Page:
September 22, 2020 9:51:00 AM
Nearly 300 students in grades 8-12 in the Starkville-Oktibbeha Consolidated School District signed up for a "hybrid" learning environment for the semester due to the ongoing COVID-19 pandemic. But beginning Oct. 5, they will have to choose between traditional instruction and virtual-only.
A Monday announcement from Superintendent Eddie Peasant said students in the hybrid learning model must switch to entirely online or traditional learning after the hybrid model proved ineffective for both students and teachers.
Two hundred-fifteen students at Starkville High School and 80 at Armstrong Junior High School have been learning online three days a week and attending classes in person the other two days. Those students have not been learning and progressing at the rate the district hoped for, SHS Principal Howard Savage said.
"They would be doing great work on the two days they were here, but there were times they were lagging behind the other three days," he said.
Students who are doing well in hybrid learning can choose between traditional and virtual, but those who are struggling are strongly encouraged to choose traditional, Savage said.
In July, SOCSD moved its start date from Aug. 6 to Aug. 24 to prepare teachers for the larger percentage of virtual students than previously anticipated. Balancing virtual and traditional learning with so few students using the hybrid option was not viable for teachers, who had to prepare three different types of lesson plans, Peasant said.
"We were not able to dedicate a group of teachers to teach only those students, so it was a strain on the teachers to have an additional option and to effectively educate them," Peasant said.
Savage updated parents on the change via a Zoom conference Monday afternoon, and he said they understood the reasons for it.
SOCSD originally planned to allow students in grades K-5 to change learning models after nine weeks of the semester in October and 6-12 after the semester ends in December.
The online announcement states that the district is considering granting some parents' requests to switch from virtual to traditional learning sooner, and district spokeswoman Nicole Thomas said that could happen as early as this week, a quarter of the way through the semester.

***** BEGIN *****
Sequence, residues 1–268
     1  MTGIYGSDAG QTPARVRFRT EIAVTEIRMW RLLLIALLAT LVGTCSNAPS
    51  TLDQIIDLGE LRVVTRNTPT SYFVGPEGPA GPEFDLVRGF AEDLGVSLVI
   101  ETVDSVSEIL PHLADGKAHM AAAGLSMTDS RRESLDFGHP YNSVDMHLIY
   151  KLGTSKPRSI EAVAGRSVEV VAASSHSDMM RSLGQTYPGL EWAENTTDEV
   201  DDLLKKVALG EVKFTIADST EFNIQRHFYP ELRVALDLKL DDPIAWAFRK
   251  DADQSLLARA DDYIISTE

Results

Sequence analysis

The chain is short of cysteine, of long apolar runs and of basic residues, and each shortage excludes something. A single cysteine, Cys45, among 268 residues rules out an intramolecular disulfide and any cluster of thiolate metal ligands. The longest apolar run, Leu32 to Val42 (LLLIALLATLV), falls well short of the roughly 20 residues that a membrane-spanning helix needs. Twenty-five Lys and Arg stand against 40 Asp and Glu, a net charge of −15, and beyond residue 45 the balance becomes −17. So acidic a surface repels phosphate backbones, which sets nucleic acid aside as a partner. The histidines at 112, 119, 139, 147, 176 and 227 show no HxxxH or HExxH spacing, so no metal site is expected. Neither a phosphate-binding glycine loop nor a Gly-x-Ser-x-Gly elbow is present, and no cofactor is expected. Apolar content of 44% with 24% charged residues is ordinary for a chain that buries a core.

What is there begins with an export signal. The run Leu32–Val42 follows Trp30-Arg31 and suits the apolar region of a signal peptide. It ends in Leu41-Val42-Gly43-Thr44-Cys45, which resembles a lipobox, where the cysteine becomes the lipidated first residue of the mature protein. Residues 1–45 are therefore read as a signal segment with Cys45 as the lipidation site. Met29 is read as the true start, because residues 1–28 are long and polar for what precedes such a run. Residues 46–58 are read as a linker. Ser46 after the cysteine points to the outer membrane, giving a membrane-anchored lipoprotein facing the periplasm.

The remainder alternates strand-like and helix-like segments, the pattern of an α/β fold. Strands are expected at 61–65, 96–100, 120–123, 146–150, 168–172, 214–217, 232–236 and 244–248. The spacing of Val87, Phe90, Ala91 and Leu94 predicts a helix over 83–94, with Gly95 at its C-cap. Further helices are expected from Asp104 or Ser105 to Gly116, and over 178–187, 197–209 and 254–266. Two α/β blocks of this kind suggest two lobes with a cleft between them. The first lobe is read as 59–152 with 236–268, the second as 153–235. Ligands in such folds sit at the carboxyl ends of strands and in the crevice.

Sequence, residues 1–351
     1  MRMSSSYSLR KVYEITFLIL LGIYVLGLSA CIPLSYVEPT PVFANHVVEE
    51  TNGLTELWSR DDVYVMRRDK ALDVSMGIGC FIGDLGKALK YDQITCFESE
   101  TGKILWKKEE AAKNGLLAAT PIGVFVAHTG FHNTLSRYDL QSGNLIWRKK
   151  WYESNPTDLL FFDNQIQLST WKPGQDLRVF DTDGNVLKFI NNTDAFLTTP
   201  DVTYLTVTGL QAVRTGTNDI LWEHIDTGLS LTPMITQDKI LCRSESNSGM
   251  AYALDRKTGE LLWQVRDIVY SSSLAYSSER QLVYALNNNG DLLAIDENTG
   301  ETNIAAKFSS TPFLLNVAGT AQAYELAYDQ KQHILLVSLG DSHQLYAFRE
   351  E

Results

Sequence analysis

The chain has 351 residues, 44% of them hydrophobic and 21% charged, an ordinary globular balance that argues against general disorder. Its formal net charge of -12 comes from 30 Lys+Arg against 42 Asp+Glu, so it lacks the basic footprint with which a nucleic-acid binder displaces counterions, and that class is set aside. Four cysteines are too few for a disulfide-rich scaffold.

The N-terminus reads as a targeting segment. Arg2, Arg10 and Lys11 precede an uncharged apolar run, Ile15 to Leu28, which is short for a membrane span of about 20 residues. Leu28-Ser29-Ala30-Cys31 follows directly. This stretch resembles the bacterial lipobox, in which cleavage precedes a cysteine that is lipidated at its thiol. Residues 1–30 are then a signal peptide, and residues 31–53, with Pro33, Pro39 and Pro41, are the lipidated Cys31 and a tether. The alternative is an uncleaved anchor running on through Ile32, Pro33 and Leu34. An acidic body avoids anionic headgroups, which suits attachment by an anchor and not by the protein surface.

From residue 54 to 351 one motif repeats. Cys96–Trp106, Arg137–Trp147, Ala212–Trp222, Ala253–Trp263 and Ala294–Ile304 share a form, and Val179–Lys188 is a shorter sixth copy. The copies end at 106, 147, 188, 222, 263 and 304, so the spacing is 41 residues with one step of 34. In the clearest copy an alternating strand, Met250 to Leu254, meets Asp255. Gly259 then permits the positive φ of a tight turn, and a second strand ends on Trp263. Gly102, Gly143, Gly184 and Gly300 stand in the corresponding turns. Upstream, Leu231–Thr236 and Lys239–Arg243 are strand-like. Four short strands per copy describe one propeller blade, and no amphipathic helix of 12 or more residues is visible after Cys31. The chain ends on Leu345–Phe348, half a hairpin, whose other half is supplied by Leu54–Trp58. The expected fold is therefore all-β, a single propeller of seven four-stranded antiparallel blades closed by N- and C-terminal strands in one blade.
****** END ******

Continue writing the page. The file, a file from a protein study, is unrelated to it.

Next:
Additionally, students who are not "progressing at a rate of mastery of content" in an entirely virtual learning environment will be encouraged to switch to traditional learning at the nine-week mark, according to the website.
One reason students might not be succeeding in virtual or hybrid learning might be a lack of access to reliable technology, Peasant said. The district will purchase devices for all students with $1.6 million in state grant funding and $600,000 of its own money, and Peasant said those devices should be available in October or November.
CMSD continues hybrid model
Columbus Municipal School District implemented hybrid learning districtwide and allowed an entirely virtual option but did not implement traditional learning. Students on the "A schedule" attend school physically on Mondays and Tuesdays, and students on the "B schedule" attend on Thursdays and Fridays. Wednesdays are for campus disinfection and teacher training.
Hybrid learners at SOCSD, on the other hand, all attend school in person on Mondays and Thursdays -- along with traditional students attending all five days -- and learn from home on Tuesdays, Wednesdays and Fridays.
CMSD Superintendent Cherie Labat said the hybrid and virtual learning plans aligned with parents' responses to a survey conducted over the summer with the goal of keeping students and teachers safe, and so far students are doing well academically thanks to "rigorous instruction."
"It took some intense planning to accommodate the needs of our students, but we felt like it was in the best interest of students and teachers," Labat said.
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